Mary Anne is stretched out on her stomach, kicking her legs and chewing wetly on a set of connected plastic rings. She ignores both Elizabeth and Kristy.
The front door opens and closes, and then Alma appears, sinking into the chair opposite Elizabeth. She looks tired.
"Sorry," she says after a moment.
"It's okay," Elizabeth says. She has the distinct feeling she's intruding. "Is everything all right?"
Alma fusses with a doily draped over the arm of her chair. "Yes," she says after a moment. She clears her throat and shakes her head. "No. I don't know."
Elizabeth immediately picks Kristy up and places her gently inside the playpen beside her chair. "I'll make us some coffee," she says.
Alma nods gratefully.
Elizabeth leans against the counter and listens to the coffee machine humming. The pot fills slowly. After a moment, Alma comes in and sits at the table. She straightens the salt and pepper shakers in the centre of the table with her fingertips.
Elizabeth sets a cup of coffee down in front of her. "Alma, what's wrong?"
Alma smiles down at the table, tracing the grain of the wood with her finger. "I haven't been feeling very well," she admits after a moment. "I thought I was just feeling run-down because of Mary Anne, you know..." She swallows with difficulty. "And I thought... I mean..." She gestures to her chest and looks around the kitchen desperately, as though seeking a way out. "I've had some breast pain," she says. "I wanted to breastfeed but it never really worked..."
"Alma, that's okay," Elizabeth says. "I don't think that's particularly unusual... Charlie was a nightmare..."
"But there were all these other things, and Richard kept insisting I see someone," Alma says, swallowing hard. Her skin has gone gray and clammy. "I've been..." She shakes her head. "I thought back pain and aching limbs were because of the weight I gained when I was pregnant..."
Elizabeth can hear her heart beating in her chest.
"Anyway," Alma says quietly, looking down at the table again. "It turns out it's not anything to do with Mary Anne." She rubs her palms tiredly over her face, and her voice comes out muffled. "It's breast cancer, and it's spreading."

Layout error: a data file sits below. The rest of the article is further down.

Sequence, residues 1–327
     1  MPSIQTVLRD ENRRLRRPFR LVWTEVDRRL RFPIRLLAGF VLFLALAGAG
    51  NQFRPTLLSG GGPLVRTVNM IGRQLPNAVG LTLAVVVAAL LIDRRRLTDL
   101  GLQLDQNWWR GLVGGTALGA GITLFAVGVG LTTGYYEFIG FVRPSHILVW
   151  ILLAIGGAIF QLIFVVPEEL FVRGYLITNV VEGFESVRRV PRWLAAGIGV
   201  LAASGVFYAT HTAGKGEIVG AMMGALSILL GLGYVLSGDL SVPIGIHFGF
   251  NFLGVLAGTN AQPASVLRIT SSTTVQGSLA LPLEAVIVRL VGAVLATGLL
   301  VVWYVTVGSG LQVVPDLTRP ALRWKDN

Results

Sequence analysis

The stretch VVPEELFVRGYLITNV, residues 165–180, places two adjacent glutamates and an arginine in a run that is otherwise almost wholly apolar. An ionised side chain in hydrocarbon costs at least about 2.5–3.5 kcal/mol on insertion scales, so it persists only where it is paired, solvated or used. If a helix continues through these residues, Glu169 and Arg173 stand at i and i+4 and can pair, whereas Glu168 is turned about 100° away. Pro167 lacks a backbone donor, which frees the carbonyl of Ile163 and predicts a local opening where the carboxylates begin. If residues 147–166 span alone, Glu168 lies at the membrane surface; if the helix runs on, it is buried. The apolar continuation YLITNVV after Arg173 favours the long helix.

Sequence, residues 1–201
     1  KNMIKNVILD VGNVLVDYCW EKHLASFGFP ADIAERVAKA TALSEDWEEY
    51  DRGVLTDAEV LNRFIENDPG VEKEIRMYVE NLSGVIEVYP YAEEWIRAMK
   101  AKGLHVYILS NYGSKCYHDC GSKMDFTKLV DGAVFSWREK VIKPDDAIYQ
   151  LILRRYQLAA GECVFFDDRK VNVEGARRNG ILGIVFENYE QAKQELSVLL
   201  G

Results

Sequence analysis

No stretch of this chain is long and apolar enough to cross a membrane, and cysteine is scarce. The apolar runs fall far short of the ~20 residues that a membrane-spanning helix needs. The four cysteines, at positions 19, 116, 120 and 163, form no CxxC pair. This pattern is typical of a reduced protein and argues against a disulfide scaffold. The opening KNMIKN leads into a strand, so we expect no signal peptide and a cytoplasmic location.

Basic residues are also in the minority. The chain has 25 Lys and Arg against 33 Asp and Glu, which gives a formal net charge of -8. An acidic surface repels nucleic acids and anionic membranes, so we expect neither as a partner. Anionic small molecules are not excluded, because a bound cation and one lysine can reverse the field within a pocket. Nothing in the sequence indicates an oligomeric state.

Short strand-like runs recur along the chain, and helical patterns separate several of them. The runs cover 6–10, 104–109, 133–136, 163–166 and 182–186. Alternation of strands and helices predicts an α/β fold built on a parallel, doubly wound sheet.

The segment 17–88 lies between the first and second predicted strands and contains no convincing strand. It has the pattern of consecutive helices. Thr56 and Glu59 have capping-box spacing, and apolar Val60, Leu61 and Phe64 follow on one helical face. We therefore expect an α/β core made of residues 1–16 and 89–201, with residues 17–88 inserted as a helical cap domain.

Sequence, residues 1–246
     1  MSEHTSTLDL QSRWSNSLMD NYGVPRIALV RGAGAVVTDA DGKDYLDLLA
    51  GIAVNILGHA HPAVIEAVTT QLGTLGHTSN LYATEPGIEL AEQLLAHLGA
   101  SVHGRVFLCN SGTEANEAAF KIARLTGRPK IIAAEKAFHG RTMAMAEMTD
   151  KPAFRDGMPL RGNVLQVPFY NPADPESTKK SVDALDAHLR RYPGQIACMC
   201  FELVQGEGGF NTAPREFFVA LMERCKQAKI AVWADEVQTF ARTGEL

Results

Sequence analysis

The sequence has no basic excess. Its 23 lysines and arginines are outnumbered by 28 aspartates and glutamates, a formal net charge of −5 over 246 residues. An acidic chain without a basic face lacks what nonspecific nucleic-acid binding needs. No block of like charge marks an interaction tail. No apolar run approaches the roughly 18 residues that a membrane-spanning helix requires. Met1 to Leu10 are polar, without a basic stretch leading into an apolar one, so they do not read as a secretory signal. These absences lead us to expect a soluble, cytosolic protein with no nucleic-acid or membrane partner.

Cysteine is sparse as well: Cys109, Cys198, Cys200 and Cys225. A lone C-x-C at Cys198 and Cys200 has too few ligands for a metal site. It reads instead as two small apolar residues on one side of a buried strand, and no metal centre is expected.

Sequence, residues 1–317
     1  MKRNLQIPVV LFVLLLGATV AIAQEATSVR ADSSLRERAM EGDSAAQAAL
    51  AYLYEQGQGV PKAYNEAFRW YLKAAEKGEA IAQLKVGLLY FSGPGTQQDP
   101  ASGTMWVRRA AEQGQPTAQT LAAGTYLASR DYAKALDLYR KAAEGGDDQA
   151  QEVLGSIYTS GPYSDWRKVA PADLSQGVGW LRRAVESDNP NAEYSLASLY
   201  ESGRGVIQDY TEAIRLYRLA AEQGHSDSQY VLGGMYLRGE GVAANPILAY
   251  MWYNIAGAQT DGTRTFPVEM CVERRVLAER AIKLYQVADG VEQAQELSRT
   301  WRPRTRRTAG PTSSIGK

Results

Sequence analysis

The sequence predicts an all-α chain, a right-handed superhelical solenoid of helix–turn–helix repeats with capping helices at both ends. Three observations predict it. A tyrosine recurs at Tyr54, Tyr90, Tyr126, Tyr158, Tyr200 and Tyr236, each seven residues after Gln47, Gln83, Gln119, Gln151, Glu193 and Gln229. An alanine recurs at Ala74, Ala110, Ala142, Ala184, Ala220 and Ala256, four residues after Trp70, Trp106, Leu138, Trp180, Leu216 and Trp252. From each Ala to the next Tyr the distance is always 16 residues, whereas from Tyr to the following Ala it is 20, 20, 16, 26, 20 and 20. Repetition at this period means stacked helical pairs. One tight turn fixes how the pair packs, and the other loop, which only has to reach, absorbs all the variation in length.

Elizabeth swallows. She can feel sweat prickling at her hairline. "Are they sure?"
Alma nods and then gives a shaky laugh. "I should have listened to Richard sooner," she says. "I just thought all these stupid changes were because of the pregnancy..." She cups one of her breasts before she lets both her hands fall to her lap. "Hindsight is twenty-twenty," she says, giving Elizabeth a wobbly smile.
Elizabeth rakes her hands through her hair and shifts forward a little. "So, what's next?" she asks. "Treatment? Surgery? What are you going to do?"
Alma glances through into the living room. Kristy and Mary Anne are both babbling loudly, as though trying to outdo each other. "Treatment will buy me more time," Alma says quietly. "But that's all."
Elizabeth takes her hand. "No," she says, "It'll be okay. You'll be fine."
Alma smiles, but she looks very pale. "It sounds silly," she says tearfully, "but it's only just hit me. I thought I knew what I was facing, but..." She trails off and blinks rapidly. Her eyes are bright.
"It's the shock," Elizabeth says. She squeezes Alma's hand again. "It'll be all right, Alma. You're young. It'll be fine." She sounds so confident, Alma can't help but smile.
She's my best friend," Elizabeth whispers into the dark quiet of the bedroom. Her voice is still husky with tears.
"I know," Patrick answers gently. He runs his fingers through her hair.
"She was the one who made us so welcome... She introduced us to everyone..." Elizabeth blinks fresh tears onto the shoulder of Patrick's t-shirt. "She makes Charlie's favourite cherry chocolate cake."
Patrick kisses the top of her head. "It'll be okay."
"No it won't," Elizabeth says, and her voice cracks. "That's the whole point, Patrick. It won't be okay. She's going to die. It's spreading through her bones and it's too late to stop it."
He sounds suitably guilty, and he keeps his voice gentle. "What do you want me to say, Liz?" He hugs her tightly and she gives another sob and squeezes her eyes closed.
"No wonder Richard looks like shit," Patrick says after a moment. "Poor guy. How's he coping?"
"He's not," Elizabeth says, wiping her eyes. She squirms closer to her husband and closes her eyes. "I don't know what I'd do if I lost you."
He hugs her again.
Elizabeth thinks back to all the cigarettes she smoked in high school, and the cigarettes and weed she and Patrick smoked in college, and she books an appointment for a check up.